PACIFIC LIFE OPEN
March 15, 2008
INDIAN WELLS, CALIFORNIA
THE MODERATOR: Questions, please.
Q. Is that just precautionary?
JAMES BLAKE: Yeah, just -- I was injured and little
tendinitis, so to be safe, make sure, I ice it and keep it
cool at all times.
Q. Just kind of talk a little bit about the second set.
Looked like you were in control, and then things got away
from you a little bit it seemed?
JAMES BLAKE: Maybe it had something with I haven't played a
match in a couple weeks. I usually feel good the way I
finish, close out matches, keep going for my shots. On a day
like today it's tricky to go after your shots really with
this kind of wind, and being a little colder you don't
really feel like you can hit out as much.
He played smart. He played great defense in those times and
made me win it. We haven't played a lot of matches, maybe
those are the points you don't win. Then the third set I was
proud I didn't let that get to me. I didn't let him start
gaining confidence like I figured he probably would after
winning the second set and being alive after being down
I felt really good about the way I played in played in the
third set, and that's what I'm going to try and build on for
the next round.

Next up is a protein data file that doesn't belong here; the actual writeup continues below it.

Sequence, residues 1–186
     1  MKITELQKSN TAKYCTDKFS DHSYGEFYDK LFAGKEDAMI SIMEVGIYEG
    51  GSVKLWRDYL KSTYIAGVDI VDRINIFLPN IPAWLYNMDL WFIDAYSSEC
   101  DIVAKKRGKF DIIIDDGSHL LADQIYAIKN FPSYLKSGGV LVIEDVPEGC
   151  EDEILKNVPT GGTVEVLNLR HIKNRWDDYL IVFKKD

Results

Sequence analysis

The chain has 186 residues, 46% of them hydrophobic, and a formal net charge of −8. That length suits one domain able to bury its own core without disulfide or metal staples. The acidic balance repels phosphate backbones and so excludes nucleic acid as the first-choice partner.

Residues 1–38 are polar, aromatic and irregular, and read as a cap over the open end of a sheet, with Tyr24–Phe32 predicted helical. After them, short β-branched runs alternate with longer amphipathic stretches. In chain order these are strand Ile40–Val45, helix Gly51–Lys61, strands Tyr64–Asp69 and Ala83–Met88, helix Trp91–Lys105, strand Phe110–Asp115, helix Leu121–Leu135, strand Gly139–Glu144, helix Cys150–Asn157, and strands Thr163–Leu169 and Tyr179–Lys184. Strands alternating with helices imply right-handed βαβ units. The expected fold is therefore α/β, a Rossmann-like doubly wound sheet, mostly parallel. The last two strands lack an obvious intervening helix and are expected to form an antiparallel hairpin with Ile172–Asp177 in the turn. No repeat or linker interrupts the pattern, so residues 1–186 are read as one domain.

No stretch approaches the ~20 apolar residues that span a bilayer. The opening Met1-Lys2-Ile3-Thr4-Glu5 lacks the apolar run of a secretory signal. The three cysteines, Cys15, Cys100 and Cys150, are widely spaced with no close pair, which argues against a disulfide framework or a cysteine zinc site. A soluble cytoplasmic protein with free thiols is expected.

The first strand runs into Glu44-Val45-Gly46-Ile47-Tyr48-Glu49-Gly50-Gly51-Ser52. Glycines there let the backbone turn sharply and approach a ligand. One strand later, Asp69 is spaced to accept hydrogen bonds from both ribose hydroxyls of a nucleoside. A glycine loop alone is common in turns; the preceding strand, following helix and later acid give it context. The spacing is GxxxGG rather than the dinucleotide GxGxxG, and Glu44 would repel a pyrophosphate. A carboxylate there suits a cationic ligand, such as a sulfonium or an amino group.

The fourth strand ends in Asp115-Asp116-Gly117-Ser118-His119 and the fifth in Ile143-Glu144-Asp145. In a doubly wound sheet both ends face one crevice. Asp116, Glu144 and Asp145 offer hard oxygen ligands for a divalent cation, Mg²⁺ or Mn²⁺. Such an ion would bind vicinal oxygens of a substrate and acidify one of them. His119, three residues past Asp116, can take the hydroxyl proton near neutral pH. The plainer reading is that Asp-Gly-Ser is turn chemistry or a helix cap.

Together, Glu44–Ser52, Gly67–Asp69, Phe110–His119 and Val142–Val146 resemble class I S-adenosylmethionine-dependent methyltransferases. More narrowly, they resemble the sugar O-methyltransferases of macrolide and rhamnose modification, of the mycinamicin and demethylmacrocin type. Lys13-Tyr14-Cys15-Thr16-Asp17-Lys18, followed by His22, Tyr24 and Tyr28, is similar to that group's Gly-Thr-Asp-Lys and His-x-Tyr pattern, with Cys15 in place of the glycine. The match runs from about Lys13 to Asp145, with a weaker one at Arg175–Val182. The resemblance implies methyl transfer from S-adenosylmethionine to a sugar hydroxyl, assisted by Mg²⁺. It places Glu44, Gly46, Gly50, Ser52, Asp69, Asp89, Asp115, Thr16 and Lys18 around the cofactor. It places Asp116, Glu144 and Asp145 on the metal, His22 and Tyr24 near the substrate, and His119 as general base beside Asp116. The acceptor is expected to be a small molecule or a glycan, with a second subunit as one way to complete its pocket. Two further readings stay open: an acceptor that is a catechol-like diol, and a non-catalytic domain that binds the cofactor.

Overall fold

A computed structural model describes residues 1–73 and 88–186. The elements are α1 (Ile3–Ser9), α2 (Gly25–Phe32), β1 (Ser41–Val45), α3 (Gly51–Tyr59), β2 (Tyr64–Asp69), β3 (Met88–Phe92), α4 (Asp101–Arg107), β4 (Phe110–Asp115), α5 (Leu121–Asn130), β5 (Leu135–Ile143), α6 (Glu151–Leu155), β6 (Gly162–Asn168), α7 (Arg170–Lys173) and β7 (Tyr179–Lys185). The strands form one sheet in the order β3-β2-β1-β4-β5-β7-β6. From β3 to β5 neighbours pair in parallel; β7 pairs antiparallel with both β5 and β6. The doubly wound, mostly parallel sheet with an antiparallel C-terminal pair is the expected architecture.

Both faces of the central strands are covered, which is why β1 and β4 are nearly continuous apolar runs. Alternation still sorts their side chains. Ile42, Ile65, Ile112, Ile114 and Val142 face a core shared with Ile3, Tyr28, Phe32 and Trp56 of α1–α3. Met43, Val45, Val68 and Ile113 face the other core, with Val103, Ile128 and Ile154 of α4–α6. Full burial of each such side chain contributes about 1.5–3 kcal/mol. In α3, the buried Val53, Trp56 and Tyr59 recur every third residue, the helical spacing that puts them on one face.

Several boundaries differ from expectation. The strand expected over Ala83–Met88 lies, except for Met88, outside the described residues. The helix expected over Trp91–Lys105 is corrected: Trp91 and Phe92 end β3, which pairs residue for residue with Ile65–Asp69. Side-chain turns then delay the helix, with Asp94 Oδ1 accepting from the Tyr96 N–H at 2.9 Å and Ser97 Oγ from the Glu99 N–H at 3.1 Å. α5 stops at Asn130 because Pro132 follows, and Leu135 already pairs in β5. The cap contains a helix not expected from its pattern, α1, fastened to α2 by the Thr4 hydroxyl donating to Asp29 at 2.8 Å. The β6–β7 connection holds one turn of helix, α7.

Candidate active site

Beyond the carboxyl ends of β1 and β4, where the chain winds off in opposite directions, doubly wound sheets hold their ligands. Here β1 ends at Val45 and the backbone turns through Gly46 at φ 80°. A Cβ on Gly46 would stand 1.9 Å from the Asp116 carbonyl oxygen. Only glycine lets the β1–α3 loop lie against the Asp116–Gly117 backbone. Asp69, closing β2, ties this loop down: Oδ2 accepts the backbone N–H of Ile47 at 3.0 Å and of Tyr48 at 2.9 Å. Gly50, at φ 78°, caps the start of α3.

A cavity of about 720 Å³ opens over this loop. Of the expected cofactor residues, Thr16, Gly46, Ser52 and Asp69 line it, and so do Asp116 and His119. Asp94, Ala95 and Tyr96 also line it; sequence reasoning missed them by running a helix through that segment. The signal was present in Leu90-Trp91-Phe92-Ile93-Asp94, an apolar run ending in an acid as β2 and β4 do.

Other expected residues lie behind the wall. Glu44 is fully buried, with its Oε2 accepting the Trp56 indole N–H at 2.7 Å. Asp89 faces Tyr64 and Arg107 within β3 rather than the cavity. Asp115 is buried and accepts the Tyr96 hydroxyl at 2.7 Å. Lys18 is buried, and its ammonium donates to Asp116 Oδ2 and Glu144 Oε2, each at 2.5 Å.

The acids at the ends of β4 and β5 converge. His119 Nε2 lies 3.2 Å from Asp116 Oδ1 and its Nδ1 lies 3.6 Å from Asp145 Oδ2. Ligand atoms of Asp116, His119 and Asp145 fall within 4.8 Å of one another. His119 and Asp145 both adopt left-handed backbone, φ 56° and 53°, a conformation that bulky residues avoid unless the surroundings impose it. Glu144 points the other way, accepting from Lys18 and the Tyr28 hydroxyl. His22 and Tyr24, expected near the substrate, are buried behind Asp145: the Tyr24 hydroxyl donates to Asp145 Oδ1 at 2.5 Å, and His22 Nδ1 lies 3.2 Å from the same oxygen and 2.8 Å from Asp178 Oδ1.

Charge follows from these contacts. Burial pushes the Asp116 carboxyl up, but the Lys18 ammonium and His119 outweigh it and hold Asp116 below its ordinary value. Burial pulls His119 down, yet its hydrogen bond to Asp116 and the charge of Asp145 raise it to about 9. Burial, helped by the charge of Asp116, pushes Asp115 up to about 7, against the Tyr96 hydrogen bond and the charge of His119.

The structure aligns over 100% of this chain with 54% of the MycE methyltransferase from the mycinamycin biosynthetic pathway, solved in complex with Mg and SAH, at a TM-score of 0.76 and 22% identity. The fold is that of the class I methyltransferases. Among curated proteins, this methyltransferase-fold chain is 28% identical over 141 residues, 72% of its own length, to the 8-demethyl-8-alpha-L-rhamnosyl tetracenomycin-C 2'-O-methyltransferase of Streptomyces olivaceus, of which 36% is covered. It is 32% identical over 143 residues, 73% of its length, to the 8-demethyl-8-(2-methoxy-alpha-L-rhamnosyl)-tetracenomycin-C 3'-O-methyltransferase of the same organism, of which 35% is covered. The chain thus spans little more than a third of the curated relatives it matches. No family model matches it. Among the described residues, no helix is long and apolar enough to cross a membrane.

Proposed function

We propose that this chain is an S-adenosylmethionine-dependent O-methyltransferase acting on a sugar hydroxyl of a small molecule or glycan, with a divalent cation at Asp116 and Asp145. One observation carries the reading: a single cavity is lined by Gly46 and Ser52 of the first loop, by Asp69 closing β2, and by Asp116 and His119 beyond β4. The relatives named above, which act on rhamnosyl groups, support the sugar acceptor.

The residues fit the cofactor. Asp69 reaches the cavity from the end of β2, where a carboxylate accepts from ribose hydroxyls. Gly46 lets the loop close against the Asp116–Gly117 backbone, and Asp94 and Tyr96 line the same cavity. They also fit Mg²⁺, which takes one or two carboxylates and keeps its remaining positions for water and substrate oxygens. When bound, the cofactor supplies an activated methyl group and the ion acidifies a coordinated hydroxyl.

Q. I just wanted to let everybody talk about the match,
but I want to ask you about your book and the process. How
did you write it? How long it took you? Did you dictate it?
Tell us a little bit about writing it.
JAMES BLAKE: Well, it took about a year, and it was
something I was thinking about in 2004 when I was sick. Then
when I started having more success in 2005 and telling my
story a little bit more and more, people started realizing
that it was an interesting story. Maybe people would want to
hear more about it than just the five- and ten-minute
interviews I was doing about what happened to me.
So it gave me the idea to write it, so we started then. It
took just about a year to finish. I worked with Andrew
Friedman who had never worked on a sports book before, and
that was something that made me feel good about it. I didn't
want to make it a sports book. I wanted to make it a book
about me and my family getting through hard times, not
necessarily just about tennis and a bunch of scores you
could find on ESPN.com or anything like that.
That was really the way it came out. A lot of dictation, a
lot of e-mails, a lot of writing. Just we really did
collaborate and, you know, it was all -- it really is all my
words. People that know me very well, when they read it they
say it sounds just like me sitting there talking about it.
That's what I'm proud of. That's why I'm happy I did all the
work to revise it to make sure it was true to form to the
way I would tell the story.
Q. How were the sales on that book?
JAMES BLAKE: The sales were better than I think they
expected, which is great, but maybe it means they weren't
expecting much out of me.
It sold over 25,000 copies already, and it's, I think,
coming out in paperback very soon. We're excited about that.
It got a release date for that.